I’ve now been working for the environmentalscience.org website about four years now. The site owner is a valued client (and hope continues to be so for many more years to come!) but the work in itself has as been as much of a challenge as a pleasure. I love writing about environmental science as it’s loosely related to my archaeology qualifications but also enjoy the challenge of working for this site that has been different from all my other clients.
The main challenge here, for me, is producing large articles. In the last couple of months, must of my writing for this site has been upwards of 5,000 words with some pushing 10,000. In fact, one of the first big articles I produced for this client was a 7,500 piece on renewable energy. I admit it was daunting to produce something this long and research heavy, even though I knew I was up to the task and the subject was well within my comfort zone. But the length… 7,500 words is like producing a dissertation every week but without the independent testing and data production and analysis. That has now been surpassed in length several times and writing long form is second nature. If you’ve been recently asked to produce a long piece, this is how you go about doing it.
Plan, Plan, Plan or Be Damned
First things first. Before you ever put fingers to digital ink, you need a plan. What subjects should it cover? The client may require specific areas – an introduction, a history of the subject, scenarios, advantages and disadvantages, technical details. Of course your plan is subject to change if you realise there is little to no information about a certain area, but if you go into a 7,000-10,000 word piece breaking it down into sections and knowing what you’re going to write about in each, it’s easier to write it. It will also seem all that bit less daunting too.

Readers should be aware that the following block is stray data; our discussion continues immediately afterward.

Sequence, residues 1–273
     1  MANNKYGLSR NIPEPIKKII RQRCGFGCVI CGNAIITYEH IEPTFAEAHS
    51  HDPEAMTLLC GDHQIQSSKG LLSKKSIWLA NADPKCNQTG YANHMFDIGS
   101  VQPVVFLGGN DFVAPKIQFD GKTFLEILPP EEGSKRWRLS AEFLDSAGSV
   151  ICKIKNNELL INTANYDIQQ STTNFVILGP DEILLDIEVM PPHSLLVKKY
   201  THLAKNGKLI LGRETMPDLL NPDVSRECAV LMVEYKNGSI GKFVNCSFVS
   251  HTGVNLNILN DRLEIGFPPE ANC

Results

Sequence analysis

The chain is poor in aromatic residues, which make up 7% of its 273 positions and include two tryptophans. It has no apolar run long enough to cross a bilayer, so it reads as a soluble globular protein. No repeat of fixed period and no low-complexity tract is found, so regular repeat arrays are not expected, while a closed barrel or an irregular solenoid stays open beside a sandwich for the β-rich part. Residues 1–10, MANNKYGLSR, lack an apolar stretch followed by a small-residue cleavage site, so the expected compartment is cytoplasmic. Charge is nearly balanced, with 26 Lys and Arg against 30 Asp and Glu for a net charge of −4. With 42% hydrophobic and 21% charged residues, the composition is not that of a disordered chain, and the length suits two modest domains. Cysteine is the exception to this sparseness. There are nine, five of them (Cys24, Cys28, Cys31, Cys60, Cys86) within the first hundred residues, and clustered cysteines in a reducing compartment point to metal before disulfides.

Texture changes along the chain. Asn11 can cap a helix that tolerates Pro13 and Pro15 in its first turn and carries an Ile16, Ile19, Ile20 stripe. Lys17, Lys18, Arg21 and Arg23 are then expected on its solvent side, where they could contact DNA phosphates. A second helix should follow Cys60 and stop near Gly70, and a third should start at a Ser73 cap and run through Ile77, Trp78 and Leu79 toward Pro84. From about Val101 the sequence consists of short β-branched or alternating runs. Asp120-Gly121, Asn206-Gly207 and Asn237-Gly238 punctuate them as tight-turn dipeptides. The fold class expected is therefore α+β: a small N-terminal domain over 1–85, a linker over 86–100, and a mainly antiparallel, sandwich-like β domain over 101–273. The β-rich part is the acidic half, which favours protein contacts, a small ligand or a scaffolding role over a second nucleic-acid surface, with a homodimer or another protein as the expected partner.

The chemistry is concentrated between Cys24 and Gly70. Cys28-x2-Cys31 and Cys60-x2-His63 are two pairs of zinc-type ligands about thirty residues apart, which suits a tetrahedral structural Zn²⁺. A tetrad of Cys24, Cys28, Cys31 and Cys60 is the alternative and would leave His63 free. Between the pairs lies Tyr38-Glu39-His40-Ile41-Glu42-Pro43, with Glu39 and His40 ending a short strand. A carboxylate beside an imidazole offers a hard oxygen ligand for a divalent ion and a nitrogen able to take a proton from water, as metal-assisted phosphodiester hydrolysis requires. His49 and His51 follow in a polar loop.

Write Little and Often
Shorter pieces of work may be completed in a matter of hours so it stands to reason you’ll want to get it done and sent to the client for feedback. But long form articles are different. They need deeper research, more involved writing, and different subareas to fill out the content. You will become bored with writing about the same thing, no matter how interesting you find the subject. Break up a long form article over the course of a week or a couple of weeks and do a little bit each day. If you incorporate time schedules into your plan from the last section, it will be much easier to manage.
Take Breaks to Avoid Burnout
By “breaks” I don’t mean making sure you stop for lunch or to get away from the screen (which you must do anyway). I mean give yourself days off from the long form content to work on something else. A change is as good as a rest, as they say, and you should work several days into your plan during which you don’t even touch the longer piece in order to reset your brain. Burnout is a real think for writers regardless of what you’re writing and you do not want to hit the wall when it comes to an important long form piece for a client. You don’t want to get to the stage where you dread even thinking about it.
Take Breaks from Writing to Edit
When you’ve finished writing the piece, you’re going to have to edit it. But editing and proofreading can be quite exhausting. I’ve found it easier and faster to take breaks from writing every so often to do some editing. For example, look at this recent piece on climatology. It’s broken down into a few sections: introduction, natural variables, history of climatology, subdisciplines of climatology, and future challenges. That is a fairly standard format for the long form content I produce for this client. Instead of writing it as a single piece and editing at the end, I wrote and edited it section by section. First I wrote the intro sections and the natural variables. The following day, I proofread this section and then moved onto the next and so on.
There are my top tips. If readers have any more, please feel free to suggest them in the comments below.